The paper conceptualizes five basic developmental paths the post-Soviet republics followed. The conceptual framework of this paper is expanded theory of real socialism in non-Marxian historical materialism, namely proposed the model of secession from socialist empire. The first developmental path was followed by societies in which an independent civil revolution took place. This path of development bifurcates into two furhter sub-variants. Namely civil revolutions in the Baltic republics (Latvia, Lithuania, Estonia) resulted in the independence and stable democracies. Civil revolution in (...)
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  17. The Ethics of Revolution and Its Implications for the Ethics of Intervention.Allen Buchanan - 2013 - Philosophy and Public Affairs 41 (4):291-323.
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  18. Revolutionary Motivation and Rationality.Allen Buchanan - 1979 - Philosophy and Public Affairs 9 (1):59-82.
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  19. No Right to Resist? Elise Reimarus's "Freedom" as a Kantian Response to the Problem of Violent Revolt.Lisa Curtis-Wendlandt - 2012 - Hypatia 27 (4):755 - 773.
    One of the greatest woman intellectuals of eighteenth-century Germany is Elise Reimarus, whose contribution to Enlightenment political theory is rarely acknowledged today. Unlike other social contract theorists, Reimarus rejects a people's right to violent resistance or revolution in her philosophical dialogue Freedom (1791). Exploring the arguments in Freedom, this paper observes a number of similarities in the political thought of Elise Reimarus and Immanuel Kant. Both, I suggest, reject violence as an illegitimate response to perceived political injustice in a way (...)
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  20. A Second Look at Aspects of Gandhi's Theory of Non-Violence.Mervyn D'Souza - 1978 - Journal of Social Philosophy 9 (2):11-14.
  21. Counterrevolution and Revolt. [REVIEW]F. D. D. - 1972 - Review of Metaphysics 26 (2):359-360.
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  22. How Could Hannah Arendt Glorify the American Revolution and Revile the French? Placing On Revolution in the Historiography of the French and American Revolutions.Lisa Disch - 2011 - European Journal of Political Theory 10 (3):350-371.
    This article situates Hannah Arendt’s On Revolution in the traditions of French and American revolutionary historiography to demonstrate that Arendt’s ‘fable’ of the American Revolution was at odds with her argument about the council form. I argue that had Arendt really wanted to inspire a resurrection of the council form in the present, she would have done better to orient her readers to the French Revolution, specifically to the experiments in democratic republicanism of the group known as the Girondins.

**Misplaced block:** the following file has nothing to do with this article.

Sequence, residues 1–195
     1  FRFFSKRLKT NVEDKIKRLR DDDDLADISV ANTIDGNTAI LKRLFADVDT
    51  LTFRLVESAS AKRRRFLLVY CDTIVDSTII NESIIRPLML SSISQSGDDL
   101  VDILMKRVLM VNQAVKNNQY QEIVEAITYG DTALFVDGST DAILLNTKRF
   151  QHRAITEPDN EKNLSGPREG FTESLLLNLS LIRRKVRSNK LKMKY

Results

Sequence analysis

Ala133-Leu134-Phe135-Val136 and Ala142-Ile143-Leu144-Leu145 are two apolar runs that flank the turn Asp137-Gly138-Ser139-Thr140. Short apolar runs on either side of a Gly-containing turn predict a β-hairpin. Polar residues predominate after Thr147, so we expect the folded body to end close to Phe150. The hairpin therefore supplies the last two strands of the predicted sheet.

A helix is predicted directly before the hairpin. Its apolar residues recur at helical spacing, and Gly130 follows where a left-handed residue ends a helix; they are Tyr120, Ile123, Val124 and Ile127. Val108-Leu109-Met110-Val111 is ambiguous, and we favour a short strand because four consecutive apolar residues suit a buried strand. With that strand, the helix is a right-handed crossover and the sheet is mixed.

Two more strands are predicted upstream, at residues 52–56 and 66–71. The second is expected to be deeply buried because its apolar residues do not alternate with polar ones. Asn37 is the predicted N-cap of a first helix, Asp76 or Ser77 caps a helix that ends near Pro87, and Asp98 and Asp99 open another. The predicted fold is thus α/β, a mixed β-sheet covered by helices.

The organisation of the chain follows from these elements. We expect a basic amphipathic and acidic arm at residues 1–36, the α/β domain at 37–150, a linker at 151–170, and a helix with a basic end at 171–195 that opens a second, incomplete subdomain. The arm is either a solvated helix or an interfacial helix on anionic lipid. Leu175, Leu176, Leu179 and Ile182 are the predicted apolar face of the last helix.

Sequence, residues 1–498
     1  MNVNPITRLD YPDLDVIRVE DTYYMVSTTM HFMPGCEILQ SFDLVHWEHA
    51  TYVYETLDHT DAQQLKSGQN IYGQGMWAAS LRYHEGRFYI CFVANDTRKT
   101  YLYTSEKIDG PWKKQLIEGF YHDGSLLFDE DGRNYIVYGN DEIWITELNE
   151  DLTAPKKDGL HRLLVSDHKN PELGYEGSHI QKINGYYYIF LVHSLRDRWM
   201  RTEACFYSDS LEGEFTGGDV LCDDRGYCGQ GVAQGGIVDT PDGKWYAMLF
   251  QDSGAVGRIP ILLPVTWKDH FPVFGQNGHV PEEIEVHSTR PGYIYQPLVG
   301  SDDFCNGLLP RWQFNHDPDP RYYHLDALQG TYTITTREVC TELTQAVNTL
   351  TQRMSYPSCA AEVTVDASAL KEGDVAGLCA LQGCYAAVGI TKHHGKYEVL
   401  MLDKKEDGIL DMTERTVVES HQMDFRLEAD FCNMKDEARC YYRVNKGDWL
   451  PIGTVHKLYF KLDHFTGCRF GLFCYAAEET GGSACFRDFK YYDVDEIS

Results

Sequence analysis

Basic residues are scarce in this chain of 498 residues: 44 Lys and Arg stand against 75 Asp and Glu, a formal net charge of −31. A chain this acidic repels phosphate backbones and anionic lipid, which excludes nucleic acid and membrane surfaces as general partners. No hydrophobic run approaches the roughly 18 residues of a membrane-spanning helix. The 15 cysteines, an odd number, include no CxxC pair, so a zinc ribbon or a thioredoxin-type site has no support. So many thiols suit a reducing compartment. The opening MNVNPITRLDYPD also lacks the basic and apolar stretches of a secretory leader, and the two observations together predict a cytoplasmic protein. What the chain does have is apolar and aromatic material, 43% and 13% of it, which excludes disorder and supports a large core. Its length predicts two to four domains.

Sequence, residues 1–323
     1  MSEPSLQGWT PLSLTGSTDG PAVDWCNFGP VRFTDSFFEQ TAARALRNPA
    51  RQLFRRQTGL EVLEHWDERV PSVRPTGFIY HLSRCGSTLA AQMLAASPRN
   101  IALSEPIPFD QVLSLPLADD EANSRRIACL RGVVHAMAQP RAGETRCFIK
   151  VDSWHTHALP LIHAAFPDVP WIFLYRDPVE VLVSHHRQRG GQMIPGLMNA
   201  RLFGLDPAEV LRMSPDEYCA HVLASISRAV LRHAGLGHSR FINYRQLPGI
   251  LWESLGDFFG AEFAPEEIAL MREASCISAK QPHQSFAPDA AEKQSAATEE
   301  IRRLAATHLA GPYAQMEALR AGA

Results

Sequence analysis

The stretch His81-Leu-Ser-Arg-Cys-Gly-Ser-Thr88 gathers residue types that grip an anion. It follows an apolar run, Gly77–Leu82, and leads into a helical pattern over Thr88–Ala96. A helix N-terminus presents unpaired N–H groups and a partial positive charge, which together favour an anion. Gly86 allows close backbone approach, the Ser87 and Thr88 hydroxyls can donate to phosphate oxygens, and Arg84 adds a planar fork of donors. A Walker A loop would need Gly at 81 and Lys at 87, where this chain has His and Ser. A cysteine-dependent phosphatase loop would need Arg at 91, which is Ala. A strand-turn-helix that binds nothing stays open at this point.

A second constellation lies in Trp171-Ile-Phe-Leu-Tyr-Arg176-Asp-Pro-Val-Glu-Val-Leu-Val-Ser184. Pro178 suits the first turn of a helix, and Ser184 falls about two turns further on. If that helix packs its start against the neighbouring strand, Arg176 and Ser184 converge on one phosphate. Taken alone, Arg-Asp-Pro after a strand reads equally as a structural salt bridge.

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  23. The Moral Meaning of Revolution. [REVIEW]John Dunn - 1980 - Political Theory 8 (2):256-258.
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  24. Arendt, Scholem, Benjamin Between Revolution and Messianism.Raluca Eddon - 2006 - European Journal of Political Theory 5 (3):261-279.
    Walter Benjamin’s idiosyncratic theory of revolutionary messianism was at the very crux of his influence on Hannah Arendt and Gershom Scholem. This article argues that Arendt adopted important aspects of Benjamin’s idea of revolution, but rejected his messianism, while Scholem rejected Benjamin’s belief in revolution and accepted his emphasis on the power of messianism as a political idea, but in a historical rather than metaphysical sense. As a result, in Arendt’s and Scholem’s political thought both the category of revolution and (...)
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  25. Religious Origins of Modern Radicalism.S. N. Eisenstadt - 2005 - Theoria 44 (106):51-80.
    It is the major argument of this essay that the roots of modern Jacobinism in their different manifestations are to be found in the transformation of the visions with strong Gnostic components and which sought to bring the Kingdom of God to earth and which were often promulgated in medieval and early modern European Christianity by different heterodox sects. The transformation of these visions as it took place above all in the Great Revolutions, in the English Civil War and especially (...)
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  26. The Second American Revolution.Hanford Wentworth Eldredge - 1964 - New York: Morrow.
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  27. Between Obedience and Revolution.Clyde Frazier - 1972 - Philosophy and Public Affairs 1 (3):315-334.
  28. Edmund Burke and the Theory of Revolution.Michael Freeman - 1978 - Political Theory 6 (3):277-297.
  29. The Hyper-Hermeneutic Gesture of a Subtle Revolution.Tom Frost - 2013 - Critical Horizons 14 (1):70-92.
    Drawing upon the thought of Giorgio Agamben, this essay focuses upon the potential of a single act to change a political order. Agamben’s writings retain the possibility for a paradigmatic gesture that opens a space for a politics not founded on a form of belonging grounded in a particular property, such as national identity. To illustrate this event this essay turns to Agamben’s construction of whatever-being, which is constructed hyper-hermeneutically. This term is chosen deliberately. Whatever-being retains a hermeneutic structure, but (...)
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  30. The Party's Over: Blueprint for a Very English Revolution.Nicholas Gane - 2005 - Contemporary Political Theory 4 (3):334-336.
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  31. Revolutions of 1848.Dustin Garlitz - 2014 - In Timothy C. Dowling (ed.), Russia at War: From the Mongol Conquest to Afghanistan, Chechnya, and Beyond. ABC-Clio.
  32. On Shlomo Avineri's "How to Save Marx From the Alchemists of Revolution".Alan Gilbert - 1976 - Political Theory 4 (3):369-371.
  33. By Any Means Necessary: John Locke and Malcolm X on the Right to Revolution.Jill Gordon - 1995 - Journal of Social Philosophy 26 (1):53-85.
  34. We Created Chávez: A People’s History of the Venezuelan Revolution.Katherine A. Gordy - 2015 - Contemporary Political Theory 14 (2):e208-e211.
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  35. Between Revolution and Reaction Vincenzo Cuoco's Saggio Storico.Bruce Haddock - 2006 - European Journal of Political Theory 5 (1):22-33.